Writing a job advertisement is not an easy task and we all tend to add too many things and make it overcomplicated. So you will find below a few tips that we hope will assist you in your next job search.
- Focus on job tasks: To avoid stereotypes, do not refer to the type of person you are seeking but to the job tasks. Do not include tasks or abilities that are not required for job performance.
- Keep selection criteria to a minimum: Research indicates that advertisements with more than five selection criteria deter applicants, particularly females. Women tend to apply only when they think they meet 100% of the requirements, whereas men apply when they meet 60%.
- Reduce focus on formal qualifications: While qualifications simplify the screening process, they do not predict job performance. Define the skills, experiences, and mindsets necessary to succeed rather than make assumptions based on qualifications. If you would prefer candidates to have knowledge of a certain skill, consider listing it as “desirable” rather than “essential”. When technical expertise is required, use ‘equivalent qualifications’ for professional designations.
- Use gender-neutral language: Don’t use gendered pronouns, be aware of terms that correlate with gender stereotypes, and avoid sports terminology. Conduct an audit of your job ads to identify gendered language that might discourage applications from women.
- Avoid requesting ‘years of experience’ BUT rather use ‘proven experience’ or levels of skill or knowledge. A requirement for continuous experience could indirectly discriminate against candidates who have taken time out from work for various personal reasons.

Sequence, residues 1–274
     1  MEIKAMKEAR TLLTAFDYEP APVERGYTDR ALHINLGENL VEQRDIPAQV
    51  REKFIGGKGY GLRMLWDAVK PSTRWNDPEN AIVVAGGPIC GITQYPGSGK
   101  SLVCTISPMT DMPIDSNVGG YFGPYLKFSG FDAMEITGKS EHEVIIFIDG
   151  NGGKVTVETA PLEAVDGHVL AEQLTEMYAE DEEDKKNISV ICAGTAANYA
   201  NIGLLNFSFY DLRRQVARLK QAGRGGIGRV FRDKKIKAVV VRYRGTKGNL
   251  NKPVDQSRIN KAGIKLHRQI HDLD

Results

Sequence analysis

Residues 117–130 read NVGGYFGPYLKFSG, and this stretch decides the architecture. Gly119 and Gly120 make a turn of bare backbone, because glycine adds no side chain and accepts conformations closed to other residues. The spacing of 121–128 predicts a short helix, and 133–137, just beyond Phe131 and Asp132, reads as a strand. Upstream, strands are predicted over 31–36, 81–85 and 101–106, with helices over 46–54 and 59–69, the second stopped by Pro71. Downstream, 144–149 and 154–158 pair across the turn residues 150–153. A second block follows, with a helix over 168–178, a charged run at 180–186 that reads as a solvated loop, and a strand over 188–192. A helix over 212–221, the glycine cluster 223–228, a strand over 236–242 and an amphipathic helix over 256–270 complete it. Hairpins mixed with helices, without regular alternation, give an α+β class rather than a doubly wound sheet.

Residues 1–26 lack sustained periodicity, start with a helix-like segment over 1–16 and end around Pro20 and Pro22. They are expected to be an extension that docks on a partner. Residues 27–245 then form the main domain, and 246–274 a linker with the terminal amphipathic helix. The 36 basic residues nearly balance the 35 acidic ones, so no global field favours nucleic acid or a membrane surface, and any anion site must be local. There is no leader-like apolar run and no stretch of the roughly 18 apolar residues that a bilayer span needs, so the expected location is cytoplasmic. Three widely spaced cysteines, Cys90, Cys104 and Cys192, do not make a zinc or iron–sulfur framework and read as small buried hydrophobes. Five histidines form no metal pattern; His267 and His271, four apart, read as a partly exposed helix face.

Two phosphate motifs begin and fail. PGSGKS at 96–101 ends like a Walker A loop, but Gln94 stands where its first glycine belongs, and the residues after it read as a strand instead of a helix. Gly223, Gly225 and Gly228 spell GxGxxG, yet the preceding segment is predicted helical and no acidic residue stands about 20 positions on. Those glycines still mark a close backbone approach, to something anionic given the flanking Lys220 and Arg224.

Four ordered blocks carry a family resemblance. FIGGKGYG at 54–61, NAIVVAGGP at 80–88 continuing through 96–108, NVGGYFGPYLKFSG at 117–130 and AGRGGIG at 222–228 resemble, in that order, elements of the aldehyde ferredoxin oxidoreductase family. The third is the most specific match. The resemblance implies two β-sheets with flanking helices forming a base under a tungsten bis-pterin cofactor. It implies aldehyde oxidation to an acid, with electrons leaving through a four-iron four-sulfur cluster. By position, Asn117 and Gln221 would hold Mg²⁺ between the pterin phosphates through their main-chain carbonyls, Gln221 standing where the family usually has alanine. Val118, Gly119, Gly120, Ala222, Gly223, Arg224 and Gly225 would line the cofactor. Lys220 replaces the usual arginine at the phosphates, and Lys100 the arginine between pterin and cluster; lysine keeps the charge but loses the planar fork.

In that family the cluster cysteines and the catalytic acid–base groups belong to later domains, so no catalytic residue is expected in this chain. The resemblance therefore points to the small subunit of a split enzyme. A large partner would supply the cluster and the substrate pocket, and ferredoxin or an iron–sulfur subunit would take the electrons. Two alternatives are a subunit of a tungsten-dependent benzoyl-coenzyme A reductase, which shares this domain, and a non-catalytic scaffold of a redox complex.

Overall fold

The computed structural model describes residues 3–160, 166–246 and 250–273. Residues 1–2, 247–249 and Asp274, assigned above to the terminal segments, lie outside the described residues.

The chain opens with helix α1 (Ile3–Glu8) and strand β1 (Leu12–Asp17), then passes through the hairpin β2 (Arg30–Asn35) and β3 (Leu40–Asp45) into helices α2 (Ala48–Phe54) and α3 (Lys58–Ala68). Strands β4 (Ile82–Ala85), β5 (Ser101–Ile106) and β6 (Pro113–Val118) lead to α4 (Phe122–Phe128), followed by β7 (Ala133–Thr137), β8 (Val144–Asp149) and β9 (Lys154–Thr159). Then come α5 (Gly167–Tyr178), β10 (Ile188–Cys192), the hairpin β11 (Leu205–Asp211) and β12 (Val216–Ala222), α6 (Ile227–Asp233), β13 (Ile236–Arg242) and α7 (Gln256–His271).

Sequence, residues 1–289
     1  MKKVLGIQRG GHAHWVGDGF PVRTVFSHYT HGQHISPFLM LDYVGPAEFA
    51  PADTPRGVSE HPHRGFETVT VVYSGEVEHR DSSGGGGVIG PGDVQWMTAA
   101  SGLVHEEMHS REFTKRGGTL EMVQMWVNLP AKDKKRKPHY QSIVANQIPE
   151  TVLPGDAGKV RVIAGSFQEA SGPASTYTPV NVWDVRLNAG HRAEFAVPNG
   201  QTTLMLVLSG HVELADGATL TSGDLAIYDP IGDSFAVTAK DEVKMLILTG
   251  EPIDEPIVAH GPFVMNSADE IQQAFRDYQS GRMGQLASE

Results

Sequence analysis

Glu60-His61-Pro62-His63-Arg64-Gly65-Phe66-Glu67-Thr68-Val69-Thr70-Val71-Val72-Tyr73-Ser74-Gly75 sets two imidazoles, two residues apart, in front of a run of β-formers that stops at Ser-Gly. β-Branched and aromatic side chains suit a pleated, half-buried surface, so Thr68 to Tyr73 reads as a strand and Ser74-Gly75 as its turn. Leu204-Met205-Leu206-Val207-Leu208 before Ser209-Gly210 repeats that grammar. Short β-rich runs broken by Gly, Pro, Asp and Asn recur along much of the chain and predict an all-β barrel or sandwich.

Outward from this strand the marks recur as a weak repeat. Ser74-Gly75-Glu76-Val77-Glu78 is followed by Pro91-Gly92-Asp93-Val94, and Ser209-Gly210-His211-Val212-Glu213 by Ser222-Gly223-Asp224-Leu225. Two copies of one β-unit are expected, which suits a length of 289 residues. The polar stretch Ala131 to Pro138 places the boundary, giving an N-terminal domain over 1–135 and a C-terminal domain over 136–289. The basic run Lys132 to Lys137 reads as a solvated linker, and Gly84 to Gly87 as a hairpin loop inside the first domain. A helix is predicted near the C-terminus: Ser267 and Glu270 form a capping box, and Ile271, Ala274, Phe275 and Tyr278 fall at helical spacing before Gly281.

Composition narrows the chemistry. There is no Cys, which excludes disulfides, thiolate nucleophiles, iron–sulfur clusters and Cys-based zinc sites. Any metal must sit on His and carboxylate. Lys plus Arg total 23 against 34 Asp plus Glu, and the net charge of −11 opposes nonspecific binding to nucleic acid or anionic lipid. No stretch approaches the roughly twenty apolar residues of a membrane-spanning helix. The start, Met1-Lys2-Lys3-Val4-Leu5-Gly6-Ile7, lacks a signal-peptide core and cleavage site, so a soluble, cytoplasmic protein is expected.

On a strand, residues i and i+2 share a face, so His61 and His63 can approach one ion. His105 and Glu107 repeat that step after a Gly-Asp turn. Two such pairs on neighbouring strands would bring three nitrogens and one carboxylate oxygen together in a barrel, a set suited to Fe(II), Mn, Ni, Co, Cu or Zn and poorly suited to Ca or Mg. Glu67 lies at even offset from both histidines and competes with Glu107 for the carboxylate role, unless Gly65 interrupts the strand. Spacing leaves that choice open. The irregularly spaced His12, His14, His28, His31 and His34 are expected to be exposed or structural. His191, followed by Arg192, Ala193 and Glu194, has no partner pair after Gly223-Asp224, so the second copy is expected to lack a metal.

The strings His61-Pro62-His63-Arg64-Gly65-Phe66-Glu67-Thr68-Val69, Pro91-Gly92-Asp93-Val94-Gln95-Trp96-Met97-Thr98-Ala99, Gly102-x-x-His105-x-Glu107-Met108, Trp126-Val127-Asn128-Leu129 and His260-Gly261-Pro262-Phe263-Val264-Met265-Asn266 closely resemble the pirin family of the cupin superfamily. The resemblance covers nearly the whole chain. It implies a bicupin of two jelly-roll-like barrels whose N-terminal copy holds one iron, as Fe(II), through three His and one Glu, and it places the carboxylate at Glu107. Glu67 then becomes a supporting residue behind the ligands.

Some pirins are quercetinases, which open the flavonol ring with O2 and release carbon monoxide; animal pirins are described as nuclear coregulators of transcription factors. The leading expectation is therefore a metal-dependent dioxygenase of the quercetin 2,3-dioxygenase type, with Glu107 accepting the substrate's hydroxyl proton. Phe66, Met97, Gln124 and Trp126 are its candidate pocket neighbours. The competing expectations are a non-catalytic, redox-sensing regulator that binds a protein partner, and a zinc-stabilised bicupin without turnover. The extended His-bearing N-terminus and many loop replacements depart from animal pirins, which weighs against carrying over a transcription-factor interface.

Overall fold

- Eliminate non-comprehensible language: Ensure job ads can be understood by a wide audience, including candidates from outside the industry.
- If necessary, describe physical requirements: Allow people with disabilities to consider whether a role is suitable for them. Don’t use terms like “physically” fit or “energetic”.
- Include diversity as a job criterion: Where relevant, include diversity as job criteria — for example, language skills for customer-facing roles.
- Promote career development: Be explicit regarding formal career planning and development opportunities in job ads. High-performing diverse talent wants to know they will be supported, and there are opportunities to progress.
- Offer flexibility in assessment schedules and location: Include potential assessment dates and offer flexibility in assessment timing and location. Allow candidates sufficient time to apply.
- Advertise flexible working arrangements: Highlight flexible working arrangements and other inclusive policies such as parental, carer, or religious leave.
- Ensure accessibility: Ensure your website is accessible to persons with a disability. Highlight accessibility policies and offer reasonable adjustments for people with a disability. Provide contact details for applicants if they require information in an alternative format or other support.
- Include a diversity statement: Highlight that you welcome applications from diverse candidates in your job ads.
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